Autonomous vehicles and the future of transport
Are we speeding towards a future without privately-owned cars? There are compelling reasons to think that a combination of urbanisation, shifting cultural priorities and of course rapid technological change are set to radically reshape our concepts of transport. In this article we explore the factors, and consider what transport providers and technology suppliers must do to prepare.
Factor 1: Increasing urbanisation
Society is changing: as urbanisation increases, our cities have never been more congested; air pollution is a rising concern; and space has never been scarcer. Singapore is already tearing down car parks to make room for more effective public spaces; others will doubtless follow. After all, we simply cannot afford to allocate precious space to vehicles that sit idle 96% of the time.
In the coming years privately-owned cars will become less fundamental to our transport infrastructure. Already their appeal is reducing, largely due to increases in cost (parking, congestion charges) and inconvenience (congestion). Staggeringly, it is estimated that European drivers spend 106 days of their lives searching for parking spaces – and of course yet more stuck in traffic.
As Guardian writer Steven Moss eloquently comments: “Cars were invented as agents of freedom, but to drive (and, worse, to have to park) one in a city is tantamount to punishment.”
Factor 2: The youth of today (and tomorrow)
We already know that younger generations aren’t wedded to their vehicles in the same way as their parents. Indeed, Millennials value smartphones more than private cars. This is a significant driver towards the concept of ‘Mobility as a Service’ (MaaS), according to one detailed Guardian article.
Furthermore, Zipcar’s annual “Millennial Survey” actually suggests that 45% of Millennials have made a conscious effort to reduce how much they drive in favour of other modes of transportation. Meanwhile, Jason Torrance, Policy Director at sustainable transport group Sustrans, says: “We’re at a stage now in history where people, especially young people, want to have the choice whether to drive or not to drive […] the appetite is there for alternatives to the car.”
Factor 3: Autonomous vehicles
Furthermore we know that many passengers don’t especially care what form of transport they take: The American Public Transportation Association (APTA) reports that 70% of Millennials willingly use multiple travel forms several times a week. And while the industry rightly focus attention on the very different challenges of delivering fixed and demand response services, the reality is that passengers simply demand mobility. Critically, that form will be driven by a multitude of factors, from the time and day, weather, urgency, cost, travel congestion and type of travel (business or leisure).
Different transport modes mode are coming together under the umbrella of mobility; this trend is likely to increase dramatically with the onset of autonomous vehicles. In recent years there has been much talk of organisations such as Uber supplementing traditional fixed route services and thereby reducing reliance on private vehicles. But it is more likely that autonomous vehicles start to fulfil the perennial ‘first mile/last mile’ issue, thereby heralding a new age of public transport adoption.
Autonomous vehicles could be as little as 10 years away – and if that sounds ambitious, consider that the first iPhone was launched as recently as 2007. A lot can change in technology in 10 years.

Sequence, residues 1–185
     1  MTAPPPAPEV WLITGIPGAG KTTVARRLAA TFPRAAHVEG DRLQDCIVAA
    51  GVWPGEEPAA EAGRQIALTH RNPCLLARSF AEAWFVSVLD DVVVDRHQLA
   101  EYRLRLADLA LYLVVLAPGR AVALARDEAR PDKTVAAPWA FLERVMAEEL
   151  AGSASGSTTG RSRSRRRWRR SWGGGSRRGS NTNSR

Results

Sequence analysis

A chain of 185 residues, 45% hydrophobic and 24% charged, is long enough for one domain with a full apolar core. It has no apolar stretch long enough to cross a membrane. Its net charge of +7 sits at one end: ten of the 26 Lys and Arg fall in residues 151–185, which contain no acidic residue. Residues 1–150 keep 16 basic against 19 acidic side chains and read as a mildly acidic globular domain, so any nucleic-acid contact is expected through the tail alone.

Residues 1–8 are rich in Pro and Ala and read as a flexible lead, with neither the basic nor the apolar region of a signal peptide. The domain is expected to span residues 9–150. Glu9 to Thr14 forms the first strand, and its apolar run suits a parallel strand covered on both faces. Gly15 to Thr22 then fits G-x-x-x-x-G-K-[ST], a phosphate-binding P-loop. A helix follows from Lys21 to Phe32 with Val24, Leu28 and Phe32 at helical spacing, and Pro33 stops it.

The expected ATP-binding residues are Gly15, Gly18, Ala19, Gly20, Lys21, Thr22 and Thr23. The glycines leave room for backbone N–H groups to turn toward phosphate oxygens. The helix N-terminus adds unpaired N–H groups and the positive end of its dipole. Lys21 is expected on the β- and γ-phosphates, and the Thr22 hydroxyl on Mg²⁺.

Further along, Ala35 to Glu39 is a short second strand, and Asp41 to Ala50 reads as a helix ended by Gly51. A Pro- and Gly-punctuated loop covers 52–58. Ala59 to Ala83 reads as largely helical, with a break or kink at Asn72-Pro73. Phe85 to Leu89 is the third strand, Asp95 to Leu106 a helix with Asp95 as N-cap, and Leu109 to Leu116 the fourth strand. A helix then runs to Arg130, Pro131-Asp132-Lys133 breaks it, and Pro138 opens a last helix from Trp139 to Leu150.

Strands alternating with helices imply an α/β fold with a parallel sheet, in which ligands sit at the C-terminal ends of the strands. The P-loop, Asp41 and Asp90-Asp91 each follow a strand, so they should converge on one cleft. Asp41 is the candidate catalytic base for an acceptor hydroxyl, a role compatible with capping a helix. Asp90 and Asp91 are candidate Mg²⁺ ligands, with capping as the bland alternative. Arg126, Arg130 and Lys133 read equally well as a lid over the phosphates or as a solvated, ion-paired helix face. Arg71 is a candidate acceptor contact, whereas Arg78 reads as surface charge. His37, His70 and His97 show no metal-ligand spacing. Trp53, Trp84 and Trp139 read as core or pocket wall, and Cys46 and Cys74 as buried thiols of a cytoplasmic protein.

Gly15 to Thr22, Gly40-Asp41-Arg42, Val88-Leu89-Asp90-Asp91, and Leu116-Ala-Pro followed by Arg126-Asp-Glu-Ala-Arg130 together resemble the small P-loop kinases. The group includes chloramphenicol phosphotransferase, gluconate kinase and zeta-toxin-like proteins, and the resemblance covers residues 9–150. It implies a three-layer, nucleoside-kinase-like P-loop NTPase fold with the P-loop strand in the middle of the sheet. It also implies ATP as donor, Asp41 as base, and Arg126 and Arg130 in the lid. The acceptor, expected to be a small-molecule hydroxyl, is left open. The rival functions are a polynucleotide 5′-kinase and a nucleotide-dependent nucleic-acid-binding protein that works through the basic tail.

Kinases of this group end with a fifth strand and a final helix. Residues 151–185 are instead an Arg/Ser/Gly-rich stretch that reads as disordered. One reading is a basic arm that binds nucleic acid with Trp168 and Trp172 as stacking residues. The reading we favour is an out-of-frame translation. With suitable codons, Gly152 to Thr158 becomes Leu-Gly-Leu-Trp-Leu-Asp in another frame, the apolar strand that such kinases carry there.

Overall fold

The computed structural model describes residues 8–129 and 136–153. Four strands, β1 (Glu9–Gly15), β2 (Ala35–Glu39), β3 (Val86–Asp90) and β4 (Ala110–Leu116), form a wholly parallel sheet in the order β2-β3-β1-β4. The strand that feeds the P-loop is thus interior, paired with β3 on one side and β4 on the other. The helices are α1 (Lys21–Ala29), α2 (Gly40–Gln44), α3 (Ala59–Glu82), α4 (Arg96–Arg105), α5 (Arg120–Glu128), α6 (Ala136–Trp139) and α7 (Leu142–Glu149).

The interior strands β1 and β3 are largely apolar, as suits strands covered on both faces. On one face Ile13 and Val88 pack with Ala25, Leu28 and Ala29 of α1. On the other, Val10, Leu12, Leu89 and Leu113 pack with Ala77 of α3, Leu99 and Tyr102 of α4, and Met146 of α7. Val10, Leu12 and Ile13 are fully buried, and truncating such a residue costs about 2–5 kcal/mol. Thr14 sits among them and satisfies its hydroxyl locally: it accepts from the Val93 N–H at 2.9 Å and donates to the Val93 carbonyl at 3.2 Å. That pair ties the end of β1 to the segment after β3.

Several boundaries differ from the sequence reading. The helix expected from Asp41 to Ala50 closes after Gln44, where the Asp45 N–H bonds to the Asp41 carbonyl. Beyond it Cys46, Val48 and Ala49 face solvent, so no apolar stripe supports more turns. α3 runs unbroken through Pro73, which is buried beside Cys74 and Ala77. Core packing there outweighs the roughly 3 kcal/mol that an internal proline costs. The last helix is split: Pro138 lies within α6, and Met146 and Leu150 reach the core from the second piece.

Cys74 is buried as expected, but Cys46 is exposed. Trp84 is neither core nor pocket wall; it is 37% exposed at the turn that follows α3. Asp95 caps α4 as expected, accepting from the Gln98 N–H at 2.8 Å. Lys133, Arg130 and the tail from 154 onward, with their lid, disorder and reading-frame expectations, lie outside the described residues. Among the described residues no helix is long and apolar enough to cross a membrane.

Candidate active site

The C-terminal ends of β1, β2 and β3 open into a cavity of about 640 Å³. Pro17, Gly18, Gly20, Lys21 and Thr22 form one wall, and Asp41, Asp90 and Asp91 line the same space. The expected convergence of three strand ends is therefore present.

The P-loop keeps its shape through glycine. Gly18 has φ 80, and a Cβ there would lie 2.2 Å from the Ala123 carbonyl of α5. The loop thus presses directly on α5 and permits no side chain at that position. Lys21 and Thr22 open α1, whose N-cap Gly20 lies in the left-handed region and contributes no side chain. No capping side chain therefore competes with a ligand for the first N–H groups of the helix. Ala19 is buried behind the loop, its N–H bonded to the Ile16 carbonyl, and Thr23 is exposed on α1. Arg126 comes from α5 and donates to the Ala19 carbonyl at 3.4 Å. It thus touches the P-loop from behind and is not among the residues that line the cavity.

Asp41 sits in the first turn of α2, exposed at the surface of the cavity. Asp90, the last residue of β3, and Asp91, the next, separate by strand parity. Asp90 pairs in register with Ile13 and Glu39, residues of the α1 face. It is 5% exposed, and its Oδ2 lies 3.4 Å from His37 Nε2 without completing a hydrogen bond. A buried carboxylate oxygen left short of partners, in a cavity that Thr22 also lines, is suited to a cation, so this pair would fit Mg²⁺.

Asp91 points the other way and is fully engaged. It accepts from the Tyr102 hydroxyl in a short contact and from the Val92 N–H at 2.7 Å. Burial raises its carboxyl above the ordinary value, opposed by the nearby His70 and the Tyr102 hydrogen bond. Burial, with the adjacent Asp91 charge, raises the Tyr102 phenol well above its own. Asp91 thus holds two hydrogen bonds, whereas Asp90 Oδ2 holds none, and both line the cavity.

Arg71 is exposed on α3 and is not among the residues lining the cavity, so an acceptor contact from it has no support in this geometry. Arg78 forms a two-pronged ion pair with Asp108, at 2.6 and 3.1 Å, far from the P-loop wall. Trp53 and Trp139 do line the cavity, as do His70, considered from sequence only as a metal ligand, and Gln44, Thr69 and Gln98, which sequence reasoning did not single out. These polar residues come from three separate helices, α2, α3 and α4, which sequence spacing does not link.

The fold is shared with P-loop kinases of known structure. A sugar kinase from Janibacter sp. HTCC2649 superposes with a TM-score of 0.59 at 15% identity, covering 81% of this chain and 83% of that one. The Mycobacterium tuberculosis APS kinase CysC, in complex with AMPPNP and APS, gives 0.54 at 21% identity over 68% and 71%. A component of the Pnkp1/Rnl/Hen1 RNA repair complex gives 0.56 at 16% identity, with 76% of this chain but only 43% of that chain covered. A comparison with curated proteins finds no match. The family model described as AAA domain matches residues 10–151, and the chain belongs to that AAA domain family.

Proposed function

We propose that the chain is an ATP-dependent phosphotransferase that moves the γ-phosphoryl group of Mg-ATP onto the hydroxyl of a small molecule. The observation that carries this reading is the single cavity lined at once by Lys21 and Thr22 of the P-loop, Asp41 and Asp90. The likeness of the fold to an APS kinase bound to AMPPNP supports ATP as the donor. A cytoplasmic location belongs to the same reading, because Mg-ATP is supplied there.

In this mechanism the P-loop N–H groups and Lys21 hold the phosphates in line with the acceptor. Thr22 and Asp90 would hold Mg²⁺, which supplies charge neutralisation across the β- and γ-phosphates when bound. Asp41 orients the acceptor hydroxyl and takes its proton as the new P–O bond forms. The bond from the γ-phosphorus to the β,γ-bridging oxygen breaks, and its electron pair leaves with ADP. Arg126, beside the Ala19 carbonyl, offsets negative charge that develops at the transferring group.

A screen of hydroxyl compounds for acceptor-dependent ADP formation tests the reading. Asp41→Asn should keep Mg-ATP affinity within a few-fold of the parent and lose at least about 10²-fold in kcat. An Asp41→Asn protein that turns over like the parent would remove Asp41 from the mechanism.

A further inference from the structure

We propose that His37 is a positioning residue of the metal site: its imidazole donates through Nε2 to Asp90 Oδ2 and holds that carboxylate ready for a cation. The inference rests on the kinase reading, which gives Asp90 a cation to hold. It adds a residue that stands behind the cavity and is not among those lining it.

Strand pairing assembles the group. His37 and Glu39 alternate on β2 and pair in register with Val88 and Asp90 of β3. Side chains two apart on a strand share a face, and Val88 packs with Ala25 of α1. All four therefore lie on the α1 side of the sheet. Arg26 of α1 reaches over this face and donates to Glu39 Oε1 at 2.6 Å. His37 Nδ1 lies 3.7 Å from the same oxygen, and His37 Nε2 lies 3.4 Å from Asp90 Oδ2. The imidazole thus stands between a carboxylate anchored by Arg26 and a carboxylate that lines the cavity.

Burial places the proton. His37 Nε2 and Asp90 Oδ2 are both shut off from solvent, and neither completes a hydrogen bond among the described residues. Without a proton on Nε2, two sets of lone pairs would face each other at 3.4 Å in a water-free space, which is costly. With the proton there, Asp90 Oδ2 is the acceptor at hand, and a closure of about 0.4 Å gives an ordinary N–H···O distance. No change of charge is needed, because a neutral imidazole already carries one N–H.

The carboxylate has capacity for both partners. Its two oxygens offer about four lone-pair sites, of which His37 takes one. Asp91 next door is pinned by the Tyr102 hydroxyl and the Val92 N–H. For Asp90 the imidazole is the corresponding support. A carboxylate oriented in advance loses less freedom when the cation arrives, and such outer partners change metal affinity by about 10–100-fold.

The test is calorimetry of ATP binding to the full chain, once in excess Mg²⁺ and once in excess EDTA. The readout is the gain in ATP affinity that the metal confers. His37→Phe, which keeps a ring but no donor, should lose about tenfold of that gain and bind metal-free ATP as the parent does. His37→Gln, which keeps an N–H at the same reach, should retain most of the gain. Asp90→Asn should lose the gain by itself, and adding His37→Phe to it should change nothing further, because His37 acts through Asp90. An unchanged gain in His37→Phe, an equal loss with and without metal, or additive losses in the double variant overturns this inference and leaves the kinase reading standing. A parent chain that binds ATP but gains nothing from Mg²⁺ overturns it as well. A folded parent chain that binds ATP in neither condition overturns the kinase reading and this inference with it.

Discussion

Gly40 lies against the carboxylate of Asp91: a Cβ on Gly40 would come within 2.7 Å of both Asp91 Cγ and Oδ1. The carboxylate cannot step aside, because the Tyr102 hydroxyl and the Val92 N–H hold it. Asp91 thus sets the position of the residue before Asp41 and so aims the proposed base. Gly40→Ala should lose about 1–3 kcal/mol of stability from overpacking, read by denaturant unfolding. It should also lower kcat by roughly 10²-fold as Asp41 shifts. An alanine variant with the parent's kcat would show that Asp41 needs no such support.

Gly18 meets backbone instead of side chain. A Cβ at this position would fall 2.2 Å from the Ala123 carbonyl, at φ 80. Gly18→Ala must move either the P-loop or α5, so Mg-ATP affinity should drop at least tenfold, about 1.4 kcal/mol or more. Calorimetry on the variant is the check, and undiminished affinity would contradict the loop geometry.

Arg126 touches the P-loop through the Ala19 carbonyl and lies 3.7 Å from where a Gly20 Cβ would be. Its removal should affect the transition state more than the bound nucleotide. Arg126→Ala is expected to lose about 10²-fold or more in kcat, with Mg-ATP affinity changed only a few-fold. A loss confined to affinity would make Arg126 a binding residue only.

Consider also the fact that autonomous vehicles are already here to some degree.
PostAuto Switzerland AG makes it happen. In Sion, a city in Switzerland, two autonomous shuttle buses run in the form of a pilot project. These so-called “SmartShuttle” are small buses without steering wheel with a capacity of 11 passengers. The maximum speed of these autonomous shuttles is 20 km /h. This impressive pilot project offers a free tour on a predefined 1.5 kilometer tour route, right in the middle of the Old Town of Sion. The two ‘SmartShuttle’ vehicles drive and stop without the need of a driver. Even if unexpected obstacles or pedestrians get in their way, the buses are able to stop automatically. The response time of the buses is faster than that of a driver thanks to advanced technology. In addition, they are also able to deal with elements such as narrow streets with remarkable ease.
Autonomous vehicle technology is real, and will only improve. And just as importantly, cultural acceptance appears to be no barrier: feedback from Sion indicates that passengers feel safe from their first moment on board.
If the public are ready and the technology is in place then there seems little to stand in its way. This is why Trapeze is already working with autonomous vehicle specialist BestMile to help public transport providers manage hybrid fleets with both autonomous and non-autonomous vehicles and integrate it into the Trapeze control system LIO.
A future vision
Some view autonomous vehicles as a threat to public transport. While this development undoubtedly has the potential to disrupt the industry – and especially slow moving organisations – there is of course also huge potential for savings in this area.
The power of autonomous vehicles weave into a better transport model. Could we work together to deliver affordable freedom of mobility for all in society, while simultaneously reducing pollution and congestion; and ensuring our cities have more green spaces for our children to play in and areas for recreation.
In short, autonomous vehicles are the key not only to a better transport, but even to a better life! The journey is certainly going to this direction. And Trapeze is already on board, completely committed to the company slogan ‘Here for the Journey’!